Importance of PCV2 dynamics of infection: age at PCV2 infection is determinant
There is accumulating evidence that the within-farm PCV2 dynamics of infection is strongly related to the probability of PCVD. The first case-control studies carried out in France (2000-2001) and Spain (2002-2003) showed higher within-herd prevalence of PCV2 seropositive pigs at 12-13 weeks of age in PCVD affected than in non affected farms. It suggested that on average PCV2 infection occurred earlier in PCVD farms. More detailed studies (longitudinal cohort study) carried out in PCVD-affected farms confirmed that the earlier PCV2 infection occurs, the higher the risk of pigs developing PCVD. The age at infection is strongly influenced by the uptake of PCV2 maternal antibodies through colostrum. Maternally-derived immunity against PCV2 can protect pigs against PCVD, and this protection was shown to be antibody titer-dependent. In addition, the maternal antibodies significantly reduce the transmission of the virus between pen-mates which decreases the probability of massive infection in the following weeks after weaning.
PMWS and PDNS affected piglets
Co-infections as main triggers of PCV2 pathogenicity
A wide spectrum of concomitant infections associated with PCVD was reported in the literature. However, PPV, PRRSV, and Mycoplasma hyopneumoniae are the main associated pathogens which were shown to enhance PCV2-associated lesions and increase the incidence of PCVD under experimental and field conditions. The mechanisms are not well known, but it seems possible that all these co-infections proceed from the same global mechanism of non specific immune enhancement favouring PCV2 replication in target cells. Hence, the role of immunostimulation, combined with PCV2 inoculation, in inducing clinical disease was demonstrated in the early 2000’s. Further investigations led to the suggestion that PCV2 replication was potentiated by immunostimulation, resulting from the massive activation of certain cells, such as macrophages in the lymphoid tissues. Due to the failure of a sole PCV2 infection to induce typical PCVDs such as PMWS, combined with the ubiquitous presence of the virus within the global pig population, it has been speculated that PCVD may be triggered by an unknown pathogen, often called ‘agent X’. However no identification of this so-called ‘agent X’ has been made to date. Therefore the pivotal role of PCV2 in PCVDs remains unchanged and ‘agent X’might be considered as an already known infectious agent which could not be systematically the same in the different geographical areas.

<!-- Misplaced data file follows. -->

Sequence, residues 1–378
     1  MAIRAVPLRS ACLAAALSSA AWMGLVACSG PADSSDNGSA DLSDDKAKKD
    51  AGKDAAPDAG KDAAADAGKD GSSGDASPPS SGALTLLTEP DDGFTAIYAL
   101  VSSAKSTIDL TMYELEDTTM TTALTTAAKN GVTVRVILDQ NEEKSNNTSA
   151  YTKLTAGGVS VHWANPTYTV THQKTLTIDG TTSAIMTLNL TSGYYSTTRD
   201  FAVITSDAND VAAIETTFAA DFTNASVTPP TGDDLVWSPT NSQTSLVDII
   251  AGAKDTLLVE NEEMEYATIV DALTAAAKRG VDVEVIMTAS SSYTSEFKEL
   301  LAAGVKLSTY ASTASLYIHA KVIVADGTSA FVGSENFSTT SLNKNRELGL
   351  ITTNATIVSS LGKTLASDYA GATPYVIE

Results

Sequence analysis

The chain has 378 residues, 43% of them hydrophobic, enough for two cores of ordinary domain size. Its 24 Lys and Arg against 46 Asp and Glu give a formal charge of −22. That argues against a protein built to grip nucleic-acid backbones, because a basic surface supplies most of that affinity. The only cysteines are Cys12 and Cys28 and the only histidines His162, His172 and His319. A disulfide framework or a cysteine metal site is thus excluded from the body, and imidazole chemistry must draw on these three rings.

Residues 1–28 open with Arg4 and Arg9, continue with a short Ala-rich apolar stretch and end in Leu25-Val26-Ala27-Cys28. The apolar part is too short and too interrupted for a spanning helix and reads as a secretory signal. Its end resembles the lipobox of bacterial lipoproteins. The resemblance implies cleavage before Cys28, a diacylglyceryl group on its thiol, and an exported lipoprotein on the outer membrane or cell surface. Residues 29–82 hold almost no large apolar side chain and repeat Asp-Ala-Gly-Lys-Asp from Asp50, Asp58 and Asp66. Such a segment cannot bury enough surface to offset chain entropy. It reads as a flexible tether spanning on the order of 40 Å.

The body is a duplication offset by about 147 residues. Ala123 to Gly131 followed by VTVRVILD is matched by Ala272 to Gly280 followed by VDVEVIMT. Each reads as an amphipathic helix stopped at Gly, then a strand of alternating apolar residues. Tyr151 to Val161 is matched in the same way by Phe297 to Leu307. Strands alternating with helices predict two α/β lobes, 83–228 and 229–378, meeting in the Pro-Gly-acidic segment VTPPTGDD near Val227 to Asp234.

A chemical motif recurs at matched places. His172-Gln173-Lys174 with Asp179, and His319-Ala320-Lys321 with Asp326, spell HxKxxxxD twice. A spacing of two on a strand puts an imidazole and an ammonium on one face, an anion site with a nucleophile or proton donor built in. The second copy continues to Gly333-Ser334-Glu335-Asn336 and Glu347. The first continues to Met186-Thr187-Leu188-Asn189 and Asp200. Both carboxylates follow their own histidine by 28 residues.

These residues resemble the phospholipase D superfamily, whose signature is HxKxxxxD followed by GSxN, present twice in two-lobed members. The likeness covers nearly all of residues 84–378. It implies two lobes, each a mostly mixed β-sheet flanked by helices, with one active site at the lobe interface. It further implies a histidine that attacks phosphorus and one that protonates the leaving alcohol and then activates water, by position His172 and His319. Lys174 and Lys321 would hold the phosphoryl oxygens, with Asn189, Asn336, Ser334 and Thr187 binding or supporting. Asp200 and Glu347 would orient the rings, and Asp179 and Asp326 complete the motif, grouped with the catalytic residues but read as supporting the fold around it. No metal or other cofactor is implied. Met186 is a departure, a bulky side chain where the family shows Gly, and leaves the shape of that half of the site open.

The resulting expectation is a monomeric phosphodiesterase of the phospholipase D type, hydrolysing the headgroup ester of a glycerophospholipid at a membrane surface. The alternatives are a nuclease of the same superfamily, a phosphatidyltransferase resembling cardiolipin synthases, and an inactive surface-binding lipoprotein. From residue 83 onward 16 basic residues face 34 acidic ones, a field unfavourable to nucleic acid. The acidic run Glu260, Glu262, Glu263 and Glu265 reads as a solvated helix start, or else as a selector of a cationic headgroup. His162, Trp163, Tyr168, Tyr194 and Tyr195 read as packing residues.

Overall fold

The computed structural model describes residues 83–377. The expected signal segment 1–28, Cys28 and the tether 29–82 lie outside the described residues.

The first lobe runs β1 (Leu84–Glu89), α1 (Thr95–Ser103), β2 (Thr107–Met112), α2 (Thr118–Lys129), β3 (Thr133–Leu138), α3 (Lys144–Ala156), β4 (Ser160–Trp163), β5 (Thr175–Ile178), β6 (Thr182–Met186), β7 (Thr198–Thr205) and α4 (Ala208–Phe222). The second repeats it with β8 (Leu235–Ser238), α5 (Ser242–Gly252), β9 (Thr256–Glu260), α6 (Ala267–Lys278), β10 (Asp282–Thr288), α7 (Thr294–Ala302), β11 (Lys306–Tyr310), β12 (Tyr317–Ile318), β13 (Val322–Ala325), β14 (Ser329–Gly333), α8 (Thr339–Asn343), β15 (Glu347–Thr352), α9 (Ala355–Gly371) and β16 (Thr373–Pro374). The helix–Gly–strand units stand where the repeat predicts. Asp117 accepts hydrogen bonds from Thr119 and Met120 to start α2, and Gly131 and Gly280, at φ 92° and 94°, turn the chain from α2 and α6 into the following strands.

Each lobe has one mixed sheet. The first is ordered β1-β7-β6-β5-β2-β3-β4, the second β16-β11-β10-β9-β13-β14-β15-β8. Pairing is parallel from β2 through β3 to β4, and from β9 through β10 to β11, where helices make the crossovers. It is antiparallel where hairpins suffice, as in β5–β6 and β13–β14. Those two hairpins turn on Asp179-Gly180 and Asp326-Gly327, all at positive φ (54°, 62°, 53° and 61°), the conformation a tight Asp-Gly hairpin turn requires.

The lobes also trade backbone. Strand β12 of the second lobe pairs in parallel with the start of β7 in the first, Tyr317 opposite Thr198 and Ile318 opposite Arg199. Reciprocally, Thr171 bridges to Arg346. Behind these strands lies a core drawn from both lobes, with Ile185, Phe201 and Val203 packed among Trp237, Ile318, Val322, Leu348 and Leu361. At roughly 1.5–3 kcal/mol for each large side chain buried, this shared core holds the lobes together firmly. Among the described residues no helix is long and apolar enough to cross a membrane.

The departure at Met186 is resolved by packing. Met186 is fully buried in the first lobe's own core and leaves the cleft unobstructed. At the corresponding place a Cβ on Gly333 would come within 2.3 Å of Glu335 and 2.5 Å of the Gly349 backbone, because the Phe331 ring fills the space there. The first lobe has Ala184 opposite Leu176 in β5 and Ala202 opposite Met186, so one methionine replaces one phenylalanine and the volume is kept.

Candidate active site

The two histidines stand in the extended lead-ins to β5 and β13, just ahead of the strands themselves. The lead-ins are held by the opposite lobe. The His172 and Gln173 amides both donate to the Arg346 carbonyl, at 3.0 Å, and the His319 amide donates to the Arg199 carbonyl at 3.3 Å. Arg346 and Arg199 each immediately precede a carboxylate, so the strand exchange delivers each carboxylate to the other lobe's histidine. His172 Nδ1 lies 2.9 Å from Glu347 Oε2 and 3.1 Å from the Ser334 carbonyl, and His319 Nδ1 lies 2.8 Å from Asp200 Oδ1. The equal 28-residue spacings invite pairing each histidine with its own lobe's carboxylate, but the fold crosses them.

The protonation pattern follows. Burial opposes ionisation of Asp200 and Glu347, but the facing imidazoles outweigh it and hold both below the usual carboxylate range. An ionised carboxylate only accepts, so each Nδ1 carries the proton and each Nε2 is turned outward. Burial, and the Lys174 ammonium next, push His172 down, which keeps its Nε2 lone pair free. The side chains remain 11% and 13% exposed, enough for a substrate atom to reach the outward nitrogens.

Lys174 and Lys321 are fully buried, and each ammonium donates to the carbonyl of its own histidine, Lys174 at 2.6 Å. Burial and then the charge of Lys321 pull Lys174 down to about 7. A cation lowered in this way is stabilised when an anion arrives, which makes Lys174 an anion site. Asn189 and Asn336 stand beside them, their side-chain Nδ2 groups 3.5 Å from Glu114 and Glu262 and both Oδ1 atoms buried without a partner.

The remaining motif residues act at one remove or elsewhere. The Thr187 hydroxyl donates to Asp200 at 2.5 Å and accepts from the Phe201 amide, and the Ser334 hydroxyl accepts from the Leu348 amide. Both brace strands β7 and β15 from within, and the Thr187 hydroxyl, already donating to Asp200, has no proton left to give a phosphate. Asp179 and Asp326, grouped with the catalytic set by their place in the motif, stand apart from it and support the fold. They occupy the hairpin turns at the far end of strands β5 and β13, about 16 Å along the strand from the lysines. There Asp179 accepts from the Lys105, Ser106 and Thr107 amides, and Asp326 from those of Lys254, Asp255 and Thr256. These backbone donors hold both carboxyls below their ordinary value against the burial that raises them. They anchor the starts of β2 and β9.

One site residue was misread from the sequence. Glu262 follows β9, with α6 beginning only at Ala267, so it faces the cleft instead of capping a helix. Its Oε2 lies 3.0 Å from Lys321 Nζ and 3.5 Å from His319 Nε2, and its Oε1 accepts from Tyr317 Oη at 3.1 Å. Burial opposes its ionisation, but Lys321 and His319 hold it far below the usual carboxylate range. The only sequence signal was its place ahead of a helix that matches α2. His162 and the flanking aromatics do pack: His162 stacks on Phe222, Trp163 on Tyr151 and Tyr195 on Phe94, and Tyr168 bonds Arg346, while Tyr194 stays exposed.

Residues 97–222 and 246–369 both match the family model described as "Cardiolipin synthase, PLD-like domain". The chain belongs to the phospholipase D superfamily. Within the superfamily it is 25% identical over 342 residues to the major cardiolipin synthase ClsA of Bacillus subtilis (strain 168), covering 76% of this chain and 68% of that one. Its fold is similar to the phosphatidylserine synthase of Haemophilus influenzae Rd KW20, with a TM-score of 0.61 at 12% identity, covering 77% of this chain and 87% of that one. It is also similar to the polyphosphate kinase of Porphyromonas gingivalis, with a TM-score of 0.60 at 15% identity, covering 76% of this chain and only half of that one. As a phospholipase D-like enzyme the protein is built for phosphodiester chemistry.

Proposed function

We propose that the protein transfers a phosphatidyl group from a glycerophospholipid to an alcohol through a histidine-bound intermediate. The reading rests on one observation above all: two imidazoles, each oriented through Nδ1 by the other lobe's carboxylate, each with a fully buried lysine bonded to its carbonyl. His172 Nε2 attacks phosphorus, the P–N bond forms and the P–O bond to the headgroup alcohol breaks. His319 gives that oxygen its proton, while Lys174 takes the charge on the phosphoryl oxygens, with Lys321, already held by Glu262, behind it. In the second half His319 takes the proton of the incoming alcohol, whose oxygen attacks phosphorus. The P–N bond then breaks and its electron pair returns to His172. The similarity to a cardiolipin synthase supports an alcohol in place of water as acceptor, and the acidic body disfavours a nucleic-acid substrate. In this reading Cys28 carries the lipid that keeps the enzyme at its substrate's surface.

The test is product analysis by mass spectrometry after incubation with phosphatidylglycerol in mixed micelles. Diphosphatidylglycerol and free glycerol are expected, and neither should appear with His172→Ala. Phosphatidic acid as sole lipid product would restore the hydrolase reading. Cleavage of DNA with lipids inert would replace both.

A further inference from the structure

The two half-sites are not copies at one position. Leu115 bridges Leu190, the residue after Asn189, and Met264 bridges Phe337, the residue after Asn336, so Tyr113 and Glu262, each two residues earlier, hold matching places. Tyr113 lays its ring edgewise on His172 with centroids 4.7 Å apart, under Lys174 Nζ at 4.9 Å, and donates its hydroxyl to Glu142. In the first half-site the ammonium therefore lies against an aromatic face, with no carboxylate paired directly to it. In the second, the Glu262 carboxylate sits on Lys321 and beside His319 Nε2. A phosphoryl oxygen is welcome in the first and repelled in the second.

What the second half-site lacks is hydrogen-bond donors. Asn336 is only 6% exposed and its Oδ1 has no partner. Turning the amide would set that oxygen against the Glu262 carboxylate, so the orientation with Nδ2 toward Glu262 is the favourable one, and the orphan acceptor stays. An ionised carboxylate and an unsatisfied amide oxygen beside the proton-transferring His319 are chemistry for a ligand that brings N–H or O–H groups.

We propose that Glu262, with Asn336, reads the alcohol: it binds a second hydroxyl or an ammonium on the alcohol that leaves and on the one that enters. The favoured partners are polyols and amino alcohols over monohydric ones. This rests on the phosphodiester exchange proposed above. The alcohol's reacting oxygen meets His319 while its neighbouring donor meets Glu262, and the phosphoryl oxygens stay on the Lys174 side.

Enlargement of inguinal lymph nodes
Management and husbandry conditions significantly modify the PCV2 course of infection with direct implications in clinical outcome
Since the emergence of PMWS and other PCV2 related diseases, several epidemiological studies have verified that on-farm management, housing, and husbandry conditions were strongly related to the risk of developing PCVDs. These factors are related to the following domains:
- Housing: large pens in weaning facilities, absence of solid partitions between pens, or a common pit between different fattening rooms were found to be risk factors. All these characteristics suggest conditions increasing the probability of virus propagation within the population.
- Vaccination schedules: vaccination of gilts against porcine reproductive and respiratory syndrome virus (PRRSV) and the use of separate vaccines against Erysipelothrix rhusiopathiae and porcine parvovirus (PPV) on gilts were found to be risk factors whereas vaccination of sows against E. coli and atrophic rhinitis were found to be protective. It has not been determined to date, whether those associations between the risk of PCVD and some vaccination schedules were direct causal relations or if they were more likely an indicator of the occurrence of co-infections in these farms increasing the PCV2 pathogenicity.
- Hygiene and husbandry practices: short empty periods in nursery and farrowing sectors, intensity of pig mixing (e.g. cross-fostering and mixing groups of pigs while entering nursery), early weaning (<21 days), purchase of replacement gilts, use of farm-boars for semen collection, and sows in poor conditions (excess of neck abscesses due to poor injection techniques, rare treatments against ectoparasites) were found also to be risk factors.
- Biosecurity: shower facilities and visitors avoiding contact with pigs for several days before visiting farm were found to be protective whereas proximity to other pig farms were found to be risk factors.
It is likely that these on-farm conditions could serve as triggers for massive PCV2 replication, both directly and indirectly. Indeed, a modelling approach showed recently that the dynamics of PCV2 in herds was strongly affected by herd management and husbandry practices.
Hence, despite the availability of several efficient vaccines in the field which have proven their efficacy towards PCV2 clinical consequences and PCV2 spread, the good husbandry practices should not been forgotten. It has been shown that their efficacy was dramatically decreased in the context of husbandry deviations such as excess of cross-fostering, mingling at weaning or very large groups in nursery. PCVDs were certainly for a large part some kind of man-made diseases because the virus was already present within the population some decades before the disease emergence. This should not be forgotten when vaccine efficacy often leads to a decrease of good farm practices observance.